All of that’s without mentioning the true problem with political donations – big companies practically buying parties. But the bill does not address that.

That’s four (maybe five) paragraphs briefly detailing the flaws with this law. All of these could be fixed had the bill gone through proper process – being edited first by a select committee, and then by a committee of the whole house.

But Little and Labour decided to pass this law under urgency, meaning that it has to be passed, consulted and edited in a singular day.

This is unacceptable. Laws should only be passed under urgency during, ya know, urgencies.

But for something as important as electoral law there needs to be a lot of review. This is something that has to be gotten right regardless of the amount of time it takes.

But no. Little and Labour went for the flashy headline that solves nothing, whilst abusing democratic process to try and hide the lack of fixes.

Repugnant.

NZ First gamed the system

NZ First has been getting large loans from the NZ First Foundation. Problem: it’s all anonymous.

If these were donations, then this wouldn’t be a problem. If you donate to an organization that would then use that donation to give money to a political party, then the law would require that you wear that donation. But not so with loans – those can remain anonymous.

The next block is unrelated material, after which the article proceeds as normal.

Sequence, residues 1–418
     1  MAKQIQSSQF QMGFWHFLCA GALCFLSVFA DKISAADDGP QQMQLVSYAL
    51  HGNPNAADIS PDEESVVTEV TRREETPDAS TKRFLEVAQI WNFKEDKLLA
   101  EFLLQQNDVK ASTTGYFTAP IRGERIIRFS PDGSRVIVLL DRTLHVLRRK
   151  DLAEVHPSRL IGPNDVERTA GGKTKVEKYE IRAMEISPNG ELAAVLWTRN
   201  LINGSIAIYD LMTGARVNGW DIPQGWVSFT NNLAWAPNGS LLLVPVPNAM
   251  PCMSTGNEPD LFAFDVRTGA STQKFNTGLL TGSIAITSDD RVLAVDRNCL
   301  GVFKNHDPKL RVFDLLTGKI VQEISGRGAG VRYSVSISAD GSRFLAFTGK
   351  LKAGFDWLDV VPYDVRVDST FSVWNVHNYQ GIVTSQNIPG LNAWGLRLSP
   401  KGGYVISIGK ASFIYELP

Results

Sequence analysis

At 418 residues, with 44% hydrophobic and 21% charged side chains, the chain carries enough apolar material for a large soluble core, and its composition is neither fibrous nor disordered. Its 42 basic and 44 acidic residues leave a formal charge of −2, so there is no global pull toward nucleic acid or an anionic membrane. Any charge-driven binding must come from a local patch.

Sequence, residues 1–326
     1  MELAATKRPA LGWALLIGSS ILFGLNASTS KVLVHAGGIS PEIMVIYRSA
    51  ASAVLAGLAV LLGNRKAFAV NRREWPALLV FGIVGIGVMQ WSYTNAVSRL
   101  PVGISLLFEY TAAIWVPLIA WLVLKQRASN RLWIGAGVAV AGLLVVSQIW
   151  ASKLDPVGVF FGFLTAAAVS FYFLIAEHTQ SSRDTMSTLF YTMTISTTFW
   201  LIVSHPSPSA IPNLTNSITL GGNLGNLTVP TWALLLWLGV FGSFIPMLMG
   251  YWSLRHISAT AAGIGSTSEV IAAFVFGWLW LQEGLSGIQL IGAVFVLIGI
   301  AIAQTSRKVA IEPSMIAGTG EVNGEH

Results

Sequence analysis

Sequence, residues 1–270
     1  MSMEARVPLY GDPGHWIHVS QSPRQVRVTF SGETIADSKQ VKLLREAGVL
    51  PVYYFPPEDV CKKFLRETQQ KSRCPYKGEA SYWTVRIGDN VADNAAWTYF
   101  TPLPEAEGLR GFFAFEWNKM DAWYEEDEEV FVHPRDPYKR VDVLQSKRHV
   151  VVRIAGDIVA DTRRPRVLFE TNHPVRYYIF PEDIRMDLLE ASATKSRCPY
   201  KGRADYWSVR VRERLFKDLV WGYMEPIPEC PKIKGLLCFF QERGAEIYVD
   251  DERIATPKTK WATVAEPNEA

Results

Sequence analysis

NZ First does not seem to know or care about this. Their party secretary only admitted to being aware of the foundation’s existence until after documents proving that she had signed off on loans to the party from the foundation were provided to her.

In fact, everyone is super secretive about it. Only two trustees of the foundation are known, and both when questioned were defensive and refused to comment.

In my opinion, this shows some pretty blatant contempt for NZ’s democracy. The worst part? It’s legal. Loans don’t face the same level of scrutiny as donations. As a country, we’ve done so well to either remove or be transparent about corporate influence in politics, but here we have NZ First disregarding democracy and transparency.

This loophole where loans can remain anonymous while donations cannot must be fixed, ASAP. NZ First cannot be allowed to game the system.

Sustainable NZ – here to sink the Greens

Former Green party male co-leadership candidate Vernon Tava has launched his new political party, Sustainable NZ.

Sustainable NZ claims to be neither left or right-wing, and is apparently here to provide a voice for the environment, and solely a voice for the environment. That’s in contrast to the Greens which is both an environmental and left-wing party.

Sustainable NZ has said that it is willing to work with either major party, which means that it will get an electorate deal from neither. So unless Sustainable pulls off something major, they aren’t getting into parliament.

What Sustainable will do is pull votes off of the Greens. Given that the Greens are hovering around 6-7% in the polls, it’s very easy (and very likely in my opinion) that Sustainable is a scheme set up by the Nats to get the Greens out of parliament.